Reinventing Yourself After Spinal Cord Injury

After experiencing a spinal cord injury (SCI), how you view yourself may change. The good news is that the recovery period can be a time for positive introspection and reinvention. Read about how Anita Lowther boosted her self-image after SCI.

Learn how a new mindset and family support helped Anita gain confidence.

This article is based on interviews conducted by Sue Lennon. Sue is a nurse, therapist, educator, and coach with nearly three decades of experience in oncology nursing – including urology and stoma care. She values nurse-patient communication and provides truly holistic care.

In the initial period after your SCI, you may struggle with self-esteem issues. However, with a new outlook and some help from loved ones, you can view yourself and your circumstances in a different, more positive way.

Anita, who lives in the UK, is an inspiring example of reinvention after an injury. In 2007, she was diagnosed with Cauda Equina Syndrome, a rare and serious type of spinal stenosis where the nerves in the lower back are severely compressed. After six operations and a 2-week stay in the hospital, she was incontinent at the age of 39. Today, however, she “enjoys life to the fullest” and credits her psychological and emotional turnaround to a process of reinventing herself.  

Accepting her post-injury reality

One of the keys to reinventing yourself after a SCI is accepting your post-injury reality. For Anita, this required a shift of mindset. “(I’ve tried to) focus on what I can do, rather than what I can't do or what I find more difficult,” says Anita.  

Although Anita occasionally can get around by walking with forearm crutches, she has realised that she also needs a wheelchair. “Sometimes I use a wheelchair because I might fall if I don't; I accept that I can’t always get around on my own anymore,” she says. “But I am still just me; you are who you are.”

Focusing on support from family and friends

For Anita, reinventing herself was mainly a process of accepting her new life, thinking positively, and finding practical solutions to obstacles. However, her family members helped accelerate her post-injury turnaround by accommodating her limited mobility in their daily lives and offering new perspectives.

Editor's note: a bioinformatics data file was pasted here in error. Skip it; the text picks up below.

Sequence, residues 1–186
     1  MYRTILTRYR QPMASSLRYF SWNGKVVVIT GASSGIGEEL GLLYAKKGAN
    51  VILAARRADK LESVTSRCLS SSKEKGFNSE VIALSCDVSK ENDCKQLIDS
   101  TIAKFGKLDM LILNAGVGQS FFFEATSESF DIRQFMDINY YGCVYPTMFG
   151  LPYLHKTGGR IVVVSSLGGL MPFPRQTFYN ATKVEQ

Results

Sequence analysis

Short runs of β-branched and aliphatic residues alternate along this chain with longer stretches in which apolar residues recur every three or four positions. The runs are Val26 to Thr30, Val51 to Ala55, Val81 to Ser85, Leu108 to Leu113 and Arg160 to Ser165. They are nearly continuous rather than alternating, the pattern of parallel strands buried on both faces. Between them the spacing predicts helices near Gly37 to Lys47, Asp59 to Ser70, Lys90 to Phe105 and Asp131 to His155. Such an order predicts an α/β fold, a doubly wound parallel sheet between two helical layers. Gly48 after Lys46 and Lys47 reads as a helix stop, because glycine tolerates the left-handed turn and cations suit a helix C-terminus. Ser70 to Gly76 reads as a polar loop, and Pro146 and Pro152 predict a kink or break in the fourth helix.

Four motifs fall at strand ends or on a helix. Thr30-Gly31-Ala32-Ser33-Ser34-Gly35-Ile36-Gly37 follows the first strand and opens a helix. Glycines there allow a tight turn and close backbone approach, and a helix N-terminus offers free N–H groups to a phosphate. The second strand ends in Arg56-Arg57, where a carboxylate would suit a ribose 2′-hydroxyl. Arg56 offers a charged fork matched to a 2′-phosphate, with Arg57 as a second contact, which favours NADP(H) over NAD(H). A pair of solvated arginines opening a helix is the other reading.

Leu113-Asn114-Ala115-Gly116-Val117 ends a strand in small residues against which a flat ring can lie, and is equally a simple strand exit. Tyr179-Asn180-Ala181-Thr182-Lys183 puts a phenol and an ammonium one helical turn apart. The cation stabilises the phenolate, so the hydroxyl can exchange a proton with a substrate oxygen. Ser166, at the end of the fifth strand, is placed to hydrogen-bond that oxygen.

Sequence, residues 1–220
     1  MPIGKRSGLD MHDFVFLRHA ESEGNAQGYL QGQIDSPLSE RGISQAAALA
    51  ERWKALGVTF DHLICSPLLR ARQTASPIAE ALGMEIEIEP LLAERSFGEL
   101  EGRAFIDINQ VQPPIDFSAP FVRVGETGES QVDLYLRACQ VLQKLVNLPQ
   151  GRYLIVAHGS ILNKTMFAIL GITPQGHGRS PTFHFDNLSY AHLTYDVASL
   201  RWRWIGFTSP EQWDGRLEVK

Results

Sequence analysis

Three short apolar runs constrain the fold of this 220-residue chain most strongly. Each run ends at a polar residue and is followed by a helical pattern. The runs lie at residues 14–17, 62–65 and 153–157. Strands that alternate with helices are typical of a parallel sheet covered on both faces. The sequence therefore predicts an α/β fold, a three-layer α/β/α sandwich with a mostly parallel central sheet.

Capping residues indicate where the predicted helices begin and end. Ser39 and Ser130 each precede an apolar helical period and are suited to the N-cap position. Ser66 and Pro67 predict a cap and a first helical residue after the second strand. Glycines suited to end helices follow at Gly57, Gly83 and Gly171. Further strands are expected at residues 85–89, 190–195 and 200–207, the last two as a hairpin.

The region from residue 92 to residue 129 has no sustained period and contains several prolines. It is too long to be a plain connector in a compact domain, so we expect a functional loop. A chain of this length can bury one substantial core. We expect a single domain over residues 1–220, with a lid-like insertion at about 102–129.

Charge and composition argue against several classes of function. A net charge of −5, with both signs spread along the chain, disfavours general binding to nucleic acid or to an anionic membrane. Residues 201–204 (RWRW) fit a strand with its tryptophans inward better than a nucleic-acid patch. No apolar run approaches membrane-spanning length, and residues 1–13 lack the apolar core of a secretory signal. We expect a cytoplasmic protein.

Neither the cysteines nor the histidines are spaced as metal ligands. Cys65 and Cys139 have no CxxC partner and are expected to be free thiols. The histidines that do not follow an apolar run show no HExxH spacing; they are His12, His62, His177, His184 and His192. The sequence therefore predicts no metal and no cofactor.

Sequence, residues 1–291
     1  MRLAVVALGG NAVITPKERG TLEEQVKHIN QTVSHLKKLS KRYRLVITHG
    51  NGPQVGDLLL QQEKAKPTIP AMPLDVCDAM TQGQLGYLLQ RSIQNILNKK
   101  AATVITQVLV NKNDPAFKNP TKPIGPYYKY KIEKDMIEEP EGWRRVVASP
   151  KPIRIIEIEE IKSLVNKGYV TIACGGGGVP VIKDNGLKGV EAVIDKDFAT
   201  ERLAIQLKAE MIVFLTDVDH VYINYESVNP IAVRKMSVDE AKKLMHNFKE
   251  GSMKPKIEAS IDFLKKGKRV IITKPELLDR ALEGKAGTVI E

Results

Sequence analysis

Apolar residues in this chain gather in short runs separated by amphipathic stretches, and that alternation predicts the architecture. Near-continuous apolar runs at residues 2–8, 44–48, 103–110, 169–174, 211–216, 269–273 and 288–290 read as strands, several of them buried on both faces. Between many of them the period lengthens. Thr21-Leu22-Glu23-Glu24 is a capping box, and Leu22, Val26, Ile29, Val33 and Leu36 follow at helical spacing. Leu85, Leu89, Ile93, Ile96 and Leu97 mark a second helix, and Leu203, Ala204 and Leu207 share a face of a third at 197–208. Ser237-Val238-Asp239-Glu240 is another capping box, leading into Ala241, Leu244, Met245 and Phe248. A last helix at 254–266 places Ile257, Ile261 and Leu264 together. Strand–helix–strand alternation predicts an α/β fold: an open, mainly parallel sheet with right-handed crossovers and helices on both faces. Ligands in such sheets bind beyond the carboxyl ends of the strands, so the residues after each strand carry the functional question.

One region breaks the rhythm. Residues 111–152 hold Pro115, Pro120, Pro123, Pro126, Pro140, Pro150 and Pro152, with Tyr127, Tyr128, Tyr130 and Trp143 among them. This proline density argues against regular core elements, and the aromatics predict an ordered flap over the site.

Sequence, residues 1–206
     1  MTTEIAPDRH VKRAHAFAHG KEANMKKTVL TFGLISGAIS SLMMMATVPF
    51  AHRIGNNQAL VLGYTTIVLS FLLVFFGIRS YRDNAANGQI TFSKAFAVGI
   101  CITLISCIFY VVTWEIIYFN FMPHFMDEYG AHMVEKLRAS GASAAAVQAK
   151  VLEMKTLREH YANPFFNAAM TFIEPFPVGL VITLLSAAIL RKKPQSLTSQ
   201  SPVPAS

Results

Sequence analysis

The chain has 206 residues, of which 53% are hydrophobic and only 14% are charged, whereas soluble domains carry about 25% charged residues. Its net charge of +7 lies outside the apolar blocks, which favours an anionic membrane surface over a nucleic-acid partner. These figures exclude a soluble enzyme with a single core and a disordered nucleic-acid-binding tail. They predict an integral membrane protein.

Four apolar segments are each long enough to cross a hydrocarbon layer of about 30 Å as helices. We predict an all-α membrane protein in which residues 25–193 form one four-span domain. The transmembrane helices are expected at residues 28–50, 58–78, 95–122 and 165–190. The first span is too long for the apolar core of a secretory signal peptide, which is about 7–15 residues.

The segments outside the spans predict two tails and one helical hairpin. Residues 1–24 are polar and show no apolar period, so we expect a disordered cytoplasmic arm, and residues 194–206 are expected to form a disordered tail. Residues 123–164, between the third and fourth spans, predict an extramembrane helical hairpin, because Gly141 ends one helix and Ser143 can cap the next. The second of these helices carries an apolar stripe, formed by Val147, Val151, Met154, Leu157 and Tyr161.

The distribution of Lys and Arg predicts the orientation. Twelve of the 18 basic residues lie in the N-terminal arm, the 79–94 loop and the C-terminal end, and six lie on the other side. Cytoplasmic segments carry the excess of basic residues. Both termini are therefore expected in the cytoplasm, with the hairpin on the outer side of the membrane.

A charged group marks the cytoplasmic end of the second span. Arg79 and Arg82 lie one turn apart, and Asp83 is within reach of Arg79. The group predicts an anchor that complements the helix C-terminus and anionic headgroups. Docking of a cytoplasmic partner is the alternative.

“I would watch my boys play football (soccer) but traveling to matches was difficult because of the lack of toilets I could use,” says Anita. “I overcame that barrier by discovering a catheter that worked for me, so I could have a wee in the car during halftime.” It took some time for Anita’s four sons – especially the younger ones – to get used to her new condition, but they adjusted quickly. “I used to get into their beds in the morning and talk, cuddle, and read to them,” she says. “Now they come to me rather than me going to them.”

Anita’s husband’s positive attitude also was vital to her reinvention process. He would consistently boost her self-esteem by providing a fresh perspective on how others might view her. “Mike always tells me that people only really notice my beautiful smile and personality; (he reminds me) that it’s important to remember what people see in me now,” she says. “It’s about having love for yourself before others can love you; when you lose confidence in yourself, you need people around you saying, ‘You're still you. You're still beautiful.’”

Getting her confidence back

The days, weeks, and months after a SCI are a period of transition – both physically and emotionally. It truly is a period of reinvention. Anita’s positive, constructive mindset and the support of her family have increased her self-esteem and her confidence. “I've gained more confidence in the long run because I've had to overcome obstacles,” says Anita. “Once you overcome (those challenges), you start thinking, yeah, I can do that; I have gained more inner confidence that I didn't know I had.”


 Financial Disclosure: Anita received compensation from Hollister Incorporated for her contributions to this article.